An interesting article in Ars Technica last week reported and then confirmed a major bug in the desktop version of Spotify. This application has been writing tens to hundreds of gigabytes per hour to user’s hard drives, which can greatly reduce the life of SSDs. One solution is better caching, or flexibility of the file system, and we go over those details in the white paper linked below.
Early reports show the cause of writes to be repeated compactions of the SQLite database. Users with a small playlist reported almost no impact, while users with larger playlists were hit hardest. Each of these database compactions was causing multiple writes to the media, and flash based media has a limited maximum of writes and erases before bit errors grow to uncorrectable levels.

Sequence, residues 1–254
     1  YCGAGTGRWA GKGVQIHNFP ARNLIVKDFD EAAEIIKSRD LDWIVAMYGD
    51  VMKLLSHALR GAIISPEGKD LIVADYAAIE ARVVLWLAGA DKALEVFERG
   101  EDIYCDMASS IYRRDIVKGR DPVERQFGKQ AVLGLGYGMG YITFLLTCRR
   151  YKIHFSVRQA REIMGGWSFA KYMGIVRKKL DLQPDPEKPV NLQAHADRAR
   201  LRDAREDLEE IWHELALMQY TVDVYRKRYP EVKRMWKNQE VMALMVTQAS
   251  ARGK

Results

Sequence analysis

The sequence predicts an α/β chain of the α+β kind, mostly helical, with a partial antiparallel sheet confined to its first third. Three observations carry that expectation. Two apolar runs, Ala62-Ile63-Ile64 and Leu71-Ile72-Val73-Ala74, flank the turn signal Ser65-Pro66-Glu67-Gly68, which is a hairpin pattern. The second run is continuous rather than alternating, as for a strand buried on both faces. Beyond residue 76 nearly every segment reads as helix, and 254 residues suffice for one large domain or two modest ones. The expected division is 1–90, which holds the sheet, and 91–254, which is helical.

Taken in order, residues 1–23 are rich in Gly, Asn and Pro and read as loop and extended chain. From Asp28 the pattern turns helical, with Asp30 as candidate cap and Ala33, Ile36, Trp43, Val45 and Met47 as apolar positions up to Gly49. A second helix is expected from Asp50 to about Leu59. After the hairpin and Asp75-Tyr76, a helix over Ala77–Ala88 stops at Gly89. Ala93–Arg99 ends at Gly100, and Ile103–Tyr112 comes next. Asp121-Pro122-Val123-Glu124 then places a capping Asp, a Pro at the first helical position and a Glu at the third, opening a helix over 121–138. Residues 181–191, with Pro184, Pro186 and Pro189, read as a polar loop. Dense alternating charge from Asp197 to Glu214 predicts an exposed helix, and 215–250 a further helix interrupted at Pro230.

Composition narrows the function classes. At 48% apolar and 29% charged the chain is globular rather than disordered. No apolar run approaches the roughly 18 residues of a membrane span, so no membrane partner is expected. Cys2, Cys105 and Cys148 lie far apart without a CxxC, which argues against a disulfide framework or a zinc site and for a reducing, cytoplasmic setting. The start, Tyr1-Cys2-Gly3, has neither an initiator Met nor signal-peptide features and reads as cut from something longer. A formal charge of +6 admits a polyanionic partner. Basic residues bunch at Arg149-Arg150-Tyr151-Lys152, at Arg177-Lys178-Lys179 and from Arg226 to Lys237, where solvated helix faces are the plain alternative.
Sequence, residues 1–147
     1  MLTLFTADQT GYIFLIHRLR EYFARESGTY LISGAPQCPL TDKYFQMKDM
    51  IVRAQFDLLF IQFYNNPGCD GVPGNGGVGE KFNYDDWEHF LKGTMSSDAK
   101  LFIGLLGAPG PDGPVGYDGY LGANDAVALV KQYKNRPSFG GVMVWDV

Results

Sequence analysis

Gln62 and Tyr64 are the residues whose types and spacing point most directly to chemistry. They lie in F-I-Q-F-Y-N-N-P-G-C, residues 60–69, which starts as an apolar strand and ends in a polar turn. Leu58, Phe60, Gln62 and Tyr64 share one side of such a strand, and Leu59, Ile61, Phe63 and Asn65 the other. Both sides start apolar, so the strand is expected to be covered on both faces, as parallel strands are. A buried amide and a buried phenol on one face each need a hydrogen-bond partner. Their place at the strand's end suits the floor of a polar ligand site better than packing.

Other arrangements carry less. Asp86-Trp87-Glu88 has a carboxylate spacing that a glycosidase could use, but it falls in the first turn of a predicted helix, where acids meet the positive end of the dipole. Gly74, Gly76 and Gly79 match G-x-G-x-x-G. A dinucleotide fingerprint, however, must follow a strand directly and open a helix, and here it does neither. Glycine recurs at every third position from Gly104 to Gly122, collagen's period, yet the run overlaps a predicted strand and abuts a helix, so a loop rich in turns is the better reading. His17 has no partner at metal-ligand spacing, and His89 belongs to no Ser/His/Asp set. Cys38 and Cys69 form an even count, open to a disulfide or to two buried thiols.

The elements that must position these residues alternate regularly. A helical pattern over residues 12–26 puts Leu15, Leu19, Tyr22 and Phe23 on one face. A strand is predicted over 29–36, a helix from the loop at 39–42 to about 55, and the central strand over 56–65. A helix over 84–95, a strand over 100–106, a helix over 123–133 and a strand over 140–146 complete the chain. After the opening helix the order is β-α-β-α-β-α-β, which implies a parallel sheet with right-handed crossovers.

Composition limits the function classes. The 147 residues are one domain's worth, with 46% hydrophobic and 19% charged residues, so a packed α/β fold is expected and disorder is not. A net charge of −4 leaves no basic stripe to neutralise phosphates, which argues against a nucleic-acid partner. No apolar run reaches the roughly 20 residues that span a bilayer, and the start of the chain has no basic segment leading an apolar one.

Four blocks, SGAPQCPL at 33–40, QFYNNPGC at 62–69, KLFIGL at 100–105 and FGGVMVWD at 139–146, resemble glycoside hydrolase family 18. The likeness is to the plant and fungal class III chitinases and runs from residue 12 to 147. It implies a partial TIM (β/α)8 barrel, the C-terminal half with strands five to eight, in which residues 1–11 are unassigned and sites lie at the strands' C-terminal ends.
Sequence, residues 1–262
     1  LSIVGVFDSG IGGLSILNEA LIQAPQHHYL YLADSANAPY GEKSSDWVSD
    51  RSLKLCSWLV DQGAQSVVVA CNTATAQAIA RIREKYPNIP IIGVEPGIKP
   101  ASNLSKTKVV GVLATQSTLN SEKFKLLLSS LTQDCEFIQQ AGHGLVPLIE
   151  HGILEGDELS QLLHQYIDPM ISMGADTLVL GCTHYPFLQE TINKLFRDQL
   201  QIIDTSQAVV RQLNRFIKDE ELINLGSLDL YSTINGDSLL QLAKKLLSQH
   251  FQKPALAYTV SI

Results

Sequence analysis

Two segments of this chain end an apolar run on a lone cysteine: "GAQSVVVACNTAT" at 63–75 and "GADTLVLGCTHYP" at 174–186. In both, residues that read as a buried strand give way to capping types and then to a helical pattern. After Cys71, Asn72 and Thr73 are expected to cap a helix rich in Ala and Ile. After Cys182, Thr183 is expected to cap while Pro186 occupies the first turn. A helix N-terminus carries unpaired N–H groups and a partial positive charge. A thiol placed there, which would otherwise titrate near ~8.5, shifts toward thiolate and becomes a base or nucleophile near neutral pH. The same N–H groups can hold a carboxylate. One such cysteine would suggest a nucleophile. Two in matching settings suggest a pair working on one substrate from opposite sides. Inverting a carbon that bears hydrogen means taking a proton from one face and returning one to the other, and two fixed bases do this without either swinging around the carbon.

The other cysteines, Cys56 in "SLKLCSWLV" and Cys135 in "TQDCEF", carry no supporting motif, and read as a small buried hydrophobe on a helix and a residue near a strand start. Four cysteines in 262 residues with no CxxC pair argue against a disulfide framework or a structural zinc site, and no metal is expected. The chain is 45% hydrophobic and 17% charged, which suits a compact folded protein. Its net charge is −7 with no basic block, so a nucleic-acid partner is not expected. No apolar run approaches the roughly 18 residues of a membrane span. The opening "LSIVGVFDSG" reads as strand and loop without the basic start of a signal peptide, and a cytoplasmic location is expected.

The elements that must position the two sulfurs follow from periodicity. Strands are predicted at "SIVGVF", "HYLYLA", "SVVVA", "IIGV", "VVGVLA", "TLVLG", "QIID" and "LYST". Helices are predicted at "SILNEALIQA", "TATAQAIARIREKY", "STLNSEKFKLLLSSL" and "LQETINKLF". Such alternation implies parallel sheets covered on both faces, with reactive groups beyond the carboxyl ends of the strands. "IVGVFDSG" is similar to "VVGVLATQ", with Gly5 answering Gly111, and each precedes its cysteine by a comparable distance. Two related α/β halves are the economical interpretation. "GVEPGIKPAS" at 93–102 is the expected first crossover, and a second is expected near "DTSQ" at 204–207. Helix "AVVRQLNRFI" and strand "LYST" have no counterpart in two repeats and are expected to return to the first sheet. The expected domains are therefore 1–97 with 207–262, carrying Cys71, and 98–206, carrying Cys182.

Partly this happened because the system designer and the provider of the OS (Microsoft and Apple in this case) have little to no control over what sorts of applications will run on their designs. This can be the case with embedded designs as well. This is obvious when using Android, though system designers can limit which application “store” they allow.
Less overt are situations where the design is customizable by the buyer. System programmers will have to envision a variety of use cases for their device, sometimes providing system-specific hooks to deal with situations. Datalight software also provides these hooks, allowing flexibility in flash media management and file system usage. Previous blog posts here have described some of these features, from the Error Management policy to Security to Protocols for USB devices.
Is Flexibility a requirement in your design?